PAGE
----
GIG – Jerry Williams at The Wedgewood Rooms -Saturday 4th March 2017

jerry-williamsJerry Williams is a 21-year-old Indie pop singer songwriter from Portsmouth who draws her inspiration from her life growing up and the lives of others around her. To date Jerry has released 3 EPS, the 3rd ‘LET’S JUST FORGET IT’ was the winner of Best Produced Release of 2016 at the Unsigned Music Awards. So far Jerry has racked up over 4 million streams on Spotify and has support from the likes of Radio 1’s Huw Stephens, BBC Introducing locally and Nationally, KCRW, Amazing Radio and performed live sessions for BBC Introducing Solent and VEVO DSCVR. Online, press, and TV supporters include Wonderland Magazine, The Guardian, The 405, Clash, Fresh on the Net, Sunday Brunch, Made In Chelsea, MTV Scream and Drifters.

Jerry started writing music from the age of 12 whilst studying classical guitar in which she got to Grade 8 standard and played her first ever gig at 17 at the Eastney Cellars. Since then Jerry has supported sold out tours with Nathan Sykes, Vanessa Carlton, played at BST Hyde Park and played Various Stages at Victorious Festival. Jerry co-produces all her own material with long-time collaborator Dan Brown and has been lucky enough to work with Dan Carey (Kate Tempest, Miles Kane, Nick Mulvey) Nick Atkinson (Gabrielle Aplin), Jim Duguid (Paulo Nutini) and Slow Club who are one of her biggest musical inspirations. Jerry is actively involved in every aspect of her career and self-releases her music through her own label, Sunglasses Records.

From The Wedgewood Rooms website 

GIG – Kassassin Street at The Joiners – Wednesday 14th December 2016

kassassin-street2015 was the year that Kassassin Street broke out from their home town of Portsmouth and started spreading their infectious blend of psyche-infused indie-dance nationwide. Previously, they had established themselves in their home town – selling out the Wedgewood Rooms – and releasing two well received singles, including the anthemic indie-dance onslaught of ‘Centre Straight Atom’.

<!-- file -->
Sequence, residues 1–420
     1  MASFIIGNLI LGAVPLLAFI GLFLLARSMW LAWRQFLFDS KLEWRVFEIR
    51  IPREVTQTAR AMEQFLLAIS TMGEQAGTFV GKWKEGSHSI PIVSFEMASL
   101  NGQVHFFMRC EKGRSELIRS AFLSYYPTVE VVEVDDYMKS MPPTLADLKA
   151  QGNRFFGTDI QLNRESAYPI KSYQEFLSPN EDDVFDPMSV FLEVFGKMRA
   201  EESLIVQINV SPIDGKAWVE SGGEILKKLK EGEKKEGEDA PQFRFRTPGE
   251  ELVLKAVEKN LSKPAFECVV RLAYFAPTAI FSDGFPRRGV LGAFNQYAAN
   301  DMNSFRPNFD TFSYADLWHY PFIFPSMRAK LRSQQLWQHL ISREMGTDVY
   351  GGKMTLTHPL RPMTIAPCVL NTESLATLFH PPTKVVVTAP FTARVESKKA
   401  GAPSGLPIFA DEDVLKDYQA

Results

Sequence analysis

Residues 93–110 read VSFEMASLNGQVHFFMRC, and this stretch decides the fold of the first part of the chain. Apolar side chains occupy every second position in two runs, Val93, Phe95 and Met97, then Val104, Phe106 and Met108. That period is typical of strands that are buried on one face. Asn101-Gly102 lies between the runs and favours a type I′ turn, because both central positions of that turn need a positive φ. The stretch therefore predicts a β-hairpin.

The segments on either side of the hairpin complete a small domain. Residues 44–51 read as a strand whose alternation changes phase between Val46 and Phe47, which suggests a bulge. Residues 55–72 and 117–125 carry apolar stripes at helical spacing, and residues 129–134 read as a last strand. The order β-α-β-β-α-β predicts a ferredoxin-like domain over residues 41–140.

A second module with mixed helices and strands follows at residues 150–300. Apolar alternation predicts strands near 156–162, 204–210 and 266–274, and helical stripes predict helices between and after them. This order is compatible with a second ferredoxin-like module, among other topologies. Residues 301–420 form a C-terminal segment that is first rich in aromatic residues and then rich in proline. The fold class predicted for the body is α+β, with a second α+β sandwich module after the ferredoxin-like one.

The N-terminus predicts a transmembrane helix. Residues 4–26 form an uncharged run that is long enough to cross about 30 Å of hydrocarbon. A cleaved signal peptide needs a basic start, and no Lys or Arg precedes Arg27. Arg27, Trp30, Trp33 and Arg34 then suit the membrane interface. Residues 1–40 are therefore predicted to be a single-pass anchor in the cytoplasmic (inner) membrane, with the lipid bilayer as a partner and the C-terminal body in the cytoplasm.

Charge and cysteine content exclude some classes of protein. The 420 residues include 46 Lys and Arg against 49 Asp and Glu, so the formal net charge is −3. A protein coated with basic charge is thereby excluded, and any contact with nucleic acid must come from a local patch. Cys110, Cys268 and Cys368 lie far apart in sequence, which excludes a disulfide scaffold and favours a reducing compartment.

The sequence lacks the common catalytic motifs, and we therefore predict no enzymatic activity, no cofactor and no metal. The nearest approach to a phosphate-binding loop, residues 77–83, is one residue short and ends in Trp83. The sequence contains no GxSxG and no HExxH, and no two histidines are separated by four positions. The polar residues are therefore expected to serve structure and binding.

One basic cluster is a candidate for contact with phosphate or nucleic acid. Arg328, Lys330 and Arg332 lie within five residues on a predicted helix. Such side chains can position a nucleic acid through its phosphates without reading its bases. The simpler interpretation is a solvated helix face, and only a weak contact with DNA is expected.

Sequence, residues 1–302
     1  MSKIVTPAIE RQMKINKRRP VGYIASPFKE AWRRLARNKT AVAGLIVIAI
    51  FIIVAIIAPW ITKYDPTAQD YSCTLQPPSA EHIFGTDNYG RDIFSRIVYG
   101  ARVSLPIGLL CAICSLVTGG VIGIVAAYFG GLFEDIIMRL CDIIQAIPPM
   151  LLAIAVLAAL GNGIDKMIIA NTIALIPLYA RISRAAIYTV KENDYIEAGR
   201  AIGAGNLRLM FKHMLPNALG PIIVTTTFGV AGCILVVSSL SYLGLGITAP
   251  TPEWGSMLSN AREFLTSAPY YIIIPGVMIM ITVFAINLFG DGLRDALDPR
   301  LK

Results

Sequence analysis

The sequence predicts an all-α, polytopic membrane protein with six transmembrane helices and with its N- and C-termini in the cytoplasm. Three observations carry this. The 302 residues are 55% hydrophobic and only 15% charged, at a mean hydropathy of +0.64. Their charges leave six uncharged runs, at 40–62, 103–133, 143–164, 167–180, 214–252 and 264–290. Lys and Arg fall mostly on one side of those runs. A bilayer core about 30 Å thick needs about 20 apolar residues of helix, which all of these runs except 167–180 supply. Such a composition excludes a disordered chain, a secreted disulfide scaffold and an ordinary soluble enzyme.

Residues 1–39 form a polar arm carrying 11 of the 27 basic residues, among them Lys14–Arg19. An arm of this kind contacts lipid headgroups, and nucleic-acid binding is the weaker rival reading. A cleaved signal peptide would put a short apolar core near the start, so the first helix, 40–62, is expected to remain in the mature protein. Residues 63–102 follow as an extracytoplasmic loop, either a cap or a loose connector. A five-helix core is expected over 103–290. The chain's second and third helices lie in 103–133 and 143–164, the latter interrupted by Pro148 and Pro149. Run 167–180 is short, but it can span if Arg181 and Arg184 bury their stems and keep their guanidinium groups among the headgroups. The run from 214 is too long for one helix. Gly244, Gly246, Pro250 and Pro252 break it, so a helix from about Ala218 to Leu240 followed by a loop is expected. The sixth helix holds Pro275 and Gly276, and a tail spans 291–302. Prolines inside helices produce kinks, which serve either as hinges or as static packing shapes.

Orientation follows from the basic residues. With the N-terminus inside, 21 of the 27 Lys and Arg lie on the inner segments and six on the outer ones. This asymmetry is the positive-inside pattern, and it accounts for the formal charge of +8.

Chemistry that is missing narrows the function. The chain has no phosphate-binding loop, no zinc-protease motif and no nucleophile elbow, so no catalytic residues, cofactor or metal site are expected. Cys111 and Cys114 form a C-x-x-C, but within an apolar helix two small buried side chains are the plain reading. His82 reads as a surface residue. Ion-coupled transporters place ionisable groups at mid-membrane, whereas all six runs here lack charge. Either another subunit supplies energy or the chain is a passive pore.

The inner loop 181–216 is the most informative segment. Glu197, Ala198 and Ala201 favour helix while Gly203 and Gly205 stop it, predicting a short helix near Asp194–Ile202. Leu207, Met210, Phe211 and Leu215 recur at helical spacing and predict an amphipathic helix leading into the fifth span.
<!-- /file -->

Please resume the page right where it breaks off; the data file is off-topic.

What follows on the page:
Two releases in 2015 – To Be Young and the Radio Silence EP – were supported by radio both here in theUK and in Spain, The Netherlands, Germany and the US (Jason Kramer and Brian Crow at KCRW; Shannon
Sauter at KEXP), as well being received to fantastic reviews from blogs across the board, from Indie Shuffe, When The Gramophone Rings, and Breaking More Waves (‘goes at it like two lustful lovers who haven’t
seen each other for months and doesn’t let up until it has climaxed after a glorious three minutes and forty seconds.’) amongst many others.
They played a full summer of festivals including Blissfields, Beatherder, Secret Garden Party, and Bestival.

Their festival season ended with a triumphant homecoming slot at Victorious Festival, which was described as “a truly spectacular performance” (Vulture Hound). They embarked on their first national tour in November, selling out many of the shows and ending on another sell out at the Wedgewood Rooms.

The band have spent 2016 writing new material, venturing out of Portsmouth for a handful of shows. Radio 3 in Spain flew them out for a slot at the SOS 4.8 festival after being selected via a listener poll – and hundreds of fans turned up to watch their set. The same happened at Y Not, Live at Leeds, and Koko in
London, the hard slog of the previous year paying off. They also released the electro-punky ‘Hand In My Pocket’.

Again played by their supporters at radio, the single was well reviewed by Music Ninja, Indie Shuffle, and Indie Is Not A Genre.

The rest of 2016 will be spent working on the material that will form their debut album, and before another nationwide tour in November.

http://www.kassassinstreet.com

GIG – Frightened Rabbit at The Wedgewood Rooms – Tuesday 6th December 2016

frightened_rabbitFor Scott Hutchison, the songwriting inspiration can come from anywhere.

From a Scottish sitcom about a larky soldier who’s served in Iraq. A break-up, his own usually – a recurring theme, it seems, judging by the incisive, compelling accounts of heartache sprinkled through Frightened Rabbit’s three previous albums, Sing The Greys (2006), The Midnight Organ Fight (2008) and The Winter Of Mixed Drinks (2010). A shit family Christmas that only got worse come Boxing Day. Or from a room-full of American fans mainlining a long-lost Celtic connection while also hoovering up a powerful British indie-rock band with a folk heart and a soulful love of their heritage. Frightened Rabbit are proudly Scottish, and adored on native soil, but their songs also seem to take on greater resonance and power the further from home they travel.

Ideas might have come on any one of the ten or so US tours undertaken by the band, each bigger, noisier, rowdier, more special than the last – there aren’t many British bands who can match Frightened Rabbit, formed by this thoughtful former art student nine years ago, for the level and intensity of their American success. Or they can come via a hero peer on the Scottish music scene, in this case onetime Arab Strap dipso-poet Aidan Moffat.